In July of 2022, the Department of Justice charged three individuals in the first-ever insider trading case concerning cryptocurrency. This move reflects the US government’s increasingly aggressive commitment to regulating crypto.
What We Know
- 3 individuals charged with wire fraud conspiracy and wire fraud
- 1 of the individuals is a former employee at Coinbase
- Estimated $1.5 million in illegal gains
As a product manager at Coinbase, Ishan Wahi had sensitive knowledge of about the timing and content of upcoming listing announcements on the exchange platform. These announcements usually resulted in a dramatic increase in the value of the asset. Coinbase warned its employees against trading on confidential information or providing it to others. Between June of 2021 and April of 2022, Wahi fed insider information to his brother, Nikhil Wahi, and his friend, Sameer Ramani.
Based on the confidential information, these associates used Ethereum blockchain wallets to purchase at least 25 different crypto assets. After the assets were listed, the group generated gains of an estimated $1.5 million total.
The Role of Online Communities
The group’s illegal activities came to a halt in April of 2022. When a Twitter user active in the crypto online community tweeted about a massive purchase that occurred just prior to an asset listing, Coinbase was quick to reply that an investigation was already underway.
However, many users online were skeptical of the ability of regulators to keep up with fraud perpetrated in the cryptocurrency space.
This case points to fundamental questions about the cryptocurrency market. What was Coinbase’s responsibility for monitoring its employees’ use of confidential information? Does the Department of Justice have the same responsibility to monitor fraud involving crypto as they do financial securities? Do purchasers of crypto give up their rights to protection by trading in an unregulated asset?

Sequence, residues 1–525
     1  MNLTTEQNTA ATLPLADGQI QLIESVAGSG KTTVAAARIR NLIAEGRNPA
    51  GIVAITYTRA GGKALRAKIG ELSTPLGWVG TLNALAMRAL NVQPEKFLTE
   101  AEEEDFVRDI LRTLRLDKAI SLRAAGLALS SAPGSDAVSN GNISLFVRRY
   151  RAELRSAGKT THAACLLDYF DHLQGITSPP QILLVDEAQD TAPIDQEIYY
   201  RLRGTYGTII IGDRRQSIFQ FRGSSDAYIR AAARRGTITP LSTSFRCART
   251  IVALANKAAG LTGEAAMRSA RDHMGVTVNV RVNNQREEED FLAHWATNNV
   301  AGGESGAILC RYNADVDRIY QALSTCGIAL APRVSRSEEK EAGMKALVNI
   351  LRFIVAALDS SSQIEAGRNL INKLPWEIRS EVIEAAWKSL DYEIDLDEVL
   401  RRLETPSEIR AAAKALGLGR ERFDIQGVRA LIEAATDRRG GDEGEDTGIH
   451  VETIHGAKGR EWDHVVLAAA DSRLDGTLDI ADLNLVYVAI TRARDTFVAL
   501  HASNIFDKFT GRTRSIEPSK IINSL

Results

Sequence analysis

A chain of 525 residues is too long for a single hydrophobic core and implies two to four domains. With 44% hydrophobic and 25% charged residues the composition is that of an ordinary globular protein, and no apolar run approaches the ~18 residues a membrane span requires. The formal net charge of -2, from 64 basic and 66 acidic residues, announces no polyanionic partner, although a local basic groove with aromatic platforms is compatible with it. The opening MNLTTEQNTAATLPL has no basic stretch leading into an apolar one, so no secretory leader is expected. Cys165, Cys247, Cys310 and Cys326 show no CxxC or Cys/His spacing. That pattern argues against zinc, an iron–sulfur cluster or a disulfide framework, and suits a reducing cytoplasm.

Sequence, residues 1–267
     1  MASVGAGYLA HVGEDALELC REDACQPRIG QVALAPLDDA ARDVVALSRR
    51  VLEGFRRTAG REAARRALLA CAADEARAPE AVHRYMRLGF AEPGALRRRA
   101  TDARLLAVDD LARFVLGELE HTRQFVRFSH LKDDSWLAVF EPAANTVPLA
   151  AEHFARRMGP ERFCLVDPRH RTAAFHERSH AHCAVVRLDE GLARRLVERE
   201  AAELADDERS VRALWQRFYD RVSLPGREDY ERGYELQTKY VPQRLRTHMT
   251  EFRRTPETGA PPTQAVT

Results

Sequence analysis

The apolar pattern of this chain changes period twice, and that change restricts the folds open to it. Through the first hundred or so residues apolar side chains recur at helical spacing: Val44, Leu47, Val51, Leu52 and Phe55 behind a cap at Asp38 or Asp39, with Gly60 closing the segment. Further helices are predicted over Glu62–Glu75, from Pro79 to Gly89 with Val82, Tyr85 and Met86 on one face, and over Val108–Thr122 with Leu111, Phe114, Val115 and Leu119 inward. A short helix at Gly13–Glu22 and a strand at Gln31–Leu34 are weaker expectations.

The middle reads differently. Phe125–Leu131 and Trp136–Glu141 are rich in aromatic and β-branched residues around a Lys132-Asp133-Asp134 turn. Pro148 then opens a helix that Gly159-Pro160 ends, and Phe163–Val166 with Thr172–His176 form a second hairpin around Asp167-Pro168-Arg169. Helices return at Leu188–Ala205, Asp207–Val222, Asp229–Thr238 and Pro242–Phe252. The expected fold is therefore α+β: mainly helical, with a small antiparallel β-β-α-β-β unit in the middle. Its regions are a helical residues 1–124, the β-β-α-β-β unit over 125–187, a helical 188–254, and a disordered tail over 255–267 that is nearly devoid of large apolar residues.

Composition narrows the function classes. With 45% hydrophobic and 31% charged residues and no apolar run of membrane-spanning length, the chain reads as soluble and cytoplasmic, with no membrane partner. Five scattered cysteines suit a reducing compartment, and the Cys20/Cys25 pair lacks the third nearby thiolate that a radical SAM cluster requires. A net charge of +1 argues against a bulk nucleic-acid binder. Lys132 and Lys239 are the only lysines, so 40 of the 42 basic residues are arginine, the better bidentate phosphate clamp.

Governments Struggle to Keep Up
The defining feature of cryptocurrencies is that they are not issued by a central authority. Theoretically, that renders them immune from government interference or manipulation. Nonetheless, governments are concerned about the opportunity for crimes like fraud and tax evasion made possible by crypto platforms.
In response, governments across the globe have responded with a patchwork of regulations. For example, the People’s Bank of China (PBOC) bans crypto exchanges from operating in the country. Furthermore, China placed a ban on bitcoin mining in May of 2021.
In the United States, regulators can’t even agree on a definition of the nebulous asset. The Securities and Exchange Commission (SEC) views cryptocurrency as a security, while the Commodity Futures Trading Commission (CFTC) treats it as a commodity, and the Department of Treasury calls it a currency. Crypto exchanges in the United States fall under the regulatory scope of the Bank Secrecy Act (BSA) and must register with the Financial Crimes Enforcement Network (FinCEN).
The charges brought against this insider trading ring demonstrates that governmental regulation is an inevitable part of the present and future of cryptocurrency.
Other Troubling Trends
The insider trading case is not the only recent blow dealt to the crypto market.
This month, a federal jury convicted a man of fraud for marketing and selling fraudulent virtual currency. Between 2014 and 2017, the founder of My Big Coin defrauded investors by making misrepresentations about the assets. Randall Carter of New York claimed that Coins was a cryptocurrency backed by $300 million in gold, oil, and other valuable assets. He also falsely told investors that My Big Coin had a partnership with MasterCard. Carter defrauded investors an estimated $6 million which he spent on collectibles including artwork and jewelry.
In a move surprising to many, Tesla sold 75% of its Bitcoin holdings in July of 2022. The coins were valued at almost a billion dollars. Elon Musk cited concerns about COVID-19 lockdowns in China as the reason that Tesla moved to maximize its cash position. Still, the massive sale added uncertainty to the already volatile crypto market.
Regarding the charges brought against Ramani and the Wahi brothers, U.S. Attorney Damian Williams declared: “Fraud is fraud is fraud, whether it occurs on the blockchain or on Wall Street.”
As an accounting firm, we can’t provide investment advice or protect our clients from predatory investments. We do, however, take seriously our ability to share relevant information. Every year, we see more questions from clients about their obligations to report crypto income and their ability to deduct losses. As governmental agencies in the US and around the world strengthen the regulations around cryptocurrency, change is a certainty.
DOJ Press Release: https://www.justice.gov/usao-sdny/pr/three-charged-first-ever-cryptocurrency-insider-trading-tipping-scheme
SEC Press Release: https://www.sec.gov/news/press-release/2022-127